How NJ's economy could impact a Trump-Christie ticket

New Jersey Gov. Chris Christie delivers his budget address for fiscal year 2015 to the Legislature, February 25, 2014 at the Statehouse in Trenton, New Jersey.
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New Jersey Gov. Chris Christie delivers his budget address for fiscal year 2015 to the Legislature, February 25, 2014 at the Statehouse in Trenton, New Jersey.

As the Republican presidential convention approaches, New Jersey Gov. Chris Christie is on a short list of potential running mates for Donald Trump.

With his combative campaign style and large-state electoral votes, Christie could provide the Trump ticket with a strong political boost, touting his record on a number of issues attractive to GOP voters.

His economic record, though, has a lot less to offer.

On Wednesday, Democratic rival and former Secretary of State Hillary Clinton, made a campaign stop in Christie's back yard to blast Trump for getting rich by taking advantage of American workers.

Standing outside one of Trump's bankrupt Atlantic City, New Jersey, casinos, Clinton said that his campaign is trying to appeal to voters who "are the same people he has been exploiting for years — working people, small-business people trying to support their families."

In a statement released shortly after Clinton's remarks, Trump defended bankruptcy as an "effective and commonly used practice in business."

"I created thousands of jobs and made a lot of money in Atlantic City, which was what, as a businessman, I am supposed to do for my company and my family," Trump said in the statement.

A Christie representative could not be reached for comment. Christie has said that, under his administration, New Jersey's economic and fiscal have dramatically improved since he took office. "New Jersey is better off than it was last year at this time, and it is certainly far better off than it was just five years ago," he said in his State of the State speech this year.

Since he was inaugurated the Garden State's 55th governor in January 2010, New Jersey's overall economic growth has lagged the national pace of recovery. As of the first quarter of this year, the U.S. economy is 22.4 percent bigger than when Christie took office; his state's economy has grown by 18.2 percent.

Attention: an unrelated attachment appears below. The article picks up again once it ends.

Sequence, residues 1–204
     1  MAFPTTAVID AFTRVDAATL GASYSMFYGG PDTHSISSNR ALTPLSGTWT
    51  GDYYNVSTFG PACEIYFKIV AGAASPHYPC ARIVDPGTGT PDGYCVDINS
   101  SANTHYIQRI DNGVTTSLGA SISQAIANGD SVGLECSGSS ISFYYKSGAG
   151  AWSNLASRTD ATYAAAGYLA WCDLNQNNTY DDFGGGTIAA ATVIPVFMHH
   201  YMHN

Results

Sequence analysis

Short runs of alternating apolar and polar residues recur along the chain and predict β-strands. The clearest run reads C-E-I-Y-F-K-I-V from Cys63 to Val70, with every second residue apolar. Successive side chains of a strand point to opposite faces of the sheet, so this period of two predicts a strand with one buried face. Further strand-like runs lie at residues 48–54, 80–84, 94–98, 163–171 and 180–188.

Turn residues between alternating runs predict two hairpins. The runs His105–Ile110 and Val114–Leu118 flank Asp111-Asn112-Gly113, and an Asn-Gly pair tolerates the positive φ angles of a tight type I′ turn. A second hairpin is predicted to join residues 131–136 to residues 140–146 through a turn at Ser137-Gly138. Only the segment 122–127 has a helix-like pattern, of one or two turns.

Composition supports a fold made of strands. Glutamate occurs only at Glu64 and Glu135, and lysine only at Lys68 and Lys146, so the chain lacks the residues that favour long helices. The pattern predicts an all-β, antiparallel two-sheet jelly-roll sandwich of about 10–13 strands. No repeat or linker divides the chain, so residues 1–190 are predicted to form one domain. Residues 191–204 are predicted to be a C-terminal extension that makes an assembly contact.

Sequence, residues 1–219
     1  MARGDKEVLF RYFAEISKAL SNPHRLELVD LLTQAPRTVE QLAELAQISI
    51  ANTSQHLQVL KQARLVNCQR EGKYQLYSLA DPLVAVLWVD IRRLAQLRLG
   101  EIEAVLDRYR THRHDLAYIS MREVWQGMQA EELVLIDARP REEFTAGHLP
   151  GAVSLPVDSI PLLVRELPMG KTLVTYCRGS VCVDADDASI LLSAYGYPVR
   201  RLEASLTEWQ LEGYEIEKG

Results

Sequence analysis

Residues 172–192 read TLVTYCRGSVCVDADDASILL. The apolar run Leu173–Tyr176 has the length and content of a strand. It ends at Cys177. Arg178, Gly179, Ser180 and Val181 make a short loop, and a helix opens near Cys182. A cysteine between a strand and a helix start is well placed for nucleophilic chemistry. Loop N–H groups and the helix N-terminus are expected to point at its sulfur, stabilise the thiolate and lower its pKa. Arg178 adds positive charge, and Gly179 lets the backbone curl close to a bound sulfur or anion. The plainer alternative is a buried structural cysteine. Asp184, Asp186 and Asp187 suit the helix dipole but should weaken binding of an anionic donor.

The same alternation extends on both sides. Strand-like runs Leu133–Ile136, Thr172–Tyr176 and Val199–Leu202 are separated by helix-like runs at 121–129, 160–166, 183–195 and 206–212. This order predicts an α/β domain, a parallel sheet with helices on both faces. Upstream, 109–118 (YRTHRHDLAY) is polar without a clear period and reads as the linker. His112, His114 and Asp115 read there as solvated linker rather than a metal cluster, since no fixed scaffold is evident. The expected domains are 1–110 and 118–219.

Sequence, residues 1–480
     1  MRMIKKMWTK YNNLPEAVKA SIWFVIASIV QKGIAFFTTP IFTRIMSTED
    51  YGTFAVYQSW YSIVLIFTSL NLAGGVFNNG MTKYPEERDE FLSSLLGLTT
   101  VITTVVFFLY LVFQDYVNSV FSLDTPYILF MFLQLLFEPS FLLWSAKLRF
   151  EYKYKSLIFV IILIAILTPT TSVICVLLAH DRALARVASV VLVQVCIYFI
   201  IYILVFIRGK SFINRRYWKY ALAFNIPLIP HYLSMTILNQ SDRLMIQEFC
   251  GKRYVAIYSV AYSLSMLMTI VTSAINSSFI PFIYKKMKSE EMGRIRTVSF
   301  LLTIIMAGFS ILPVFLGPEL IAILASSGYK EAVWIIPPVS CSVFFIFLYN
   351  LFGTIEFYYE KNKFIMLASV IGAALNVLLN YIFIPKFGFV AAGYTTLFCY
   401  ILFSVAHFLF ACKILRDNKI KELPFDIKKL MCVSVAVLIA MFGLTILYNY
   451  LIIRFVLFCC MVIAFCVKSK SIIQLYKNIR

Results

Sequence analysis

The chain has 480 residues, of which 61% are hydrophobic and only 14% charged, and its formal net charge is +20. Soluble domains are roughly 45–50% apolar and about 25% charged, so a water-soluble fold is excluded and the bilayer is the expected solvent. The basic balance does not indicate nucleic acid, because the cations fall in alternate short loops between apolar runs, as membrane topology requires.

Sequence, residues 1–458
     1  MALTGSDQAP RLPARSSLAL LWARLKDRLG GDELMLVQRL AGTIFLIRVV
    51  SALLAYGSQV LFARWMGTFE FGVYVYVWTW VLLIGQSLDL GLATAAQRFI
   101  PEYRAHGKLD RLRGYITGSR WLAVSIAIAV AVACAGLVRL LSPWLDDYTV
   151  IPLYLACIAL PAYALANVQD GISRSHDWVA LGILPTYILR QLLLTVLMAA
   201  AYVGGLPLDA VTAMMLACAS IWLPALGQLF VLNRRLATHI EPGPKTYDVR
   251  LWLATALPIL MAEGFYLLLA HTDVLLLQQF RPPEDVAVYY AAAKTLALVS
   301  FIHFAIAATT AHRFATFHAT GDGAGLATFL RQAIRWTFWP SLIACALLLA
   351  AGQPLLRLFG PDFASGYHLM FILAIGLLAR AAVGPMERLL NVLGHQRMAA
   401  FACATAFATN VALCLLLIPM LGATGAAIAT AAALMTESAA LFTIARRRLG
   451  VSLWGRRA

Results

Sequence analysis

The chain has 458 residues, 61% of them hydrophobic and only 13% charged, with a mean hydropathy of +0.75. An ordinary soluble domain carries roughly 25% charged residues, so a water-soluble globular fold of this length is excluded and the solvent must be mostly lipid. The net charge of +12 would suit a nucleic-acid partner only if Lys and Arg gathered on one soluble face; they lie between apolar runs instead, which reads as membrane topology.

That means that incomes also have risen more slowly in New Jersey. Aside from crimping household budgets, lower overall personal income growth makes it harder for a state to keep up with increasing costs of delivering services without raising taxes.

Those state-funded health-care costs will rise from about 4.2 percent of GDP in 2015 to 6.3 percent of GDP in 2064, according to a GAO report forecast.

Wage growth in New Jersey also has stagnated for those at the bottom end of the income ladder. In 2013, Christie vetoed a bill that would have raised the state minimum wage from $7.25 to $8.50 an hour.

Under Christie, the state's job market has expanded payrolls more slowly. In the last two years, the pace of job creation has accelerated, helping to close the gap with the national average. But job growth has stalled since the beginning of this year.

Despite spending cuts by the Christie administration, New Jersey is among many states facing widening deficits as the rising costs of Medicaid and pensions continue to expand faster than economic growth, which is needed to boost sales, income and property taxes.

To close that long-term budget gap, the GAO estimates that states will have to cut spending (or raise taxes, or a combination of both) by 5 percent every year for the next 50 years.

New Jersey has more work to do on that score than most states. Thanks to a budget deficit that could top $1 billion over the next two years, the state's fiscal mess lands it third from the bottom in a recent ranking by the Mercatus Center.

Many states and Puerto Rico have borrowed money to fill the gap. Over the years, New Jersey has accumulated a debt pile that amounts to more than $9,200 per person — second only to Puerto Rico.

Christie has worked to close budget deficits with spending cuts, but the budget doesn't fully reflect the state's large unfunded pension liability.

In 2014, Christie closed a budget gap by paying less into the pension fund than required by a 2011 law, prompting labor unions to sue the state. Last year, the New Jersey Supreme Court ruled that it was up to Christie and the legislature to figure out how to make up the pension funding shortfall.

The Democratic-controlled legislature then approved a budget with tax hikes to help close the pension gap. Christie then used a line-item veto to rescind the tax hikes and restore the pension cuts.

While he has held the line on tax rates, Christie has raised additional revenue by cutting back on tax breaks like the earned income tax credit and property tax relief programs.

But New Jersey residents are among the highest taxed in the nation. Both in the average tax per person and the share of overall state income paid in taxes, New Jersey ranks third highest.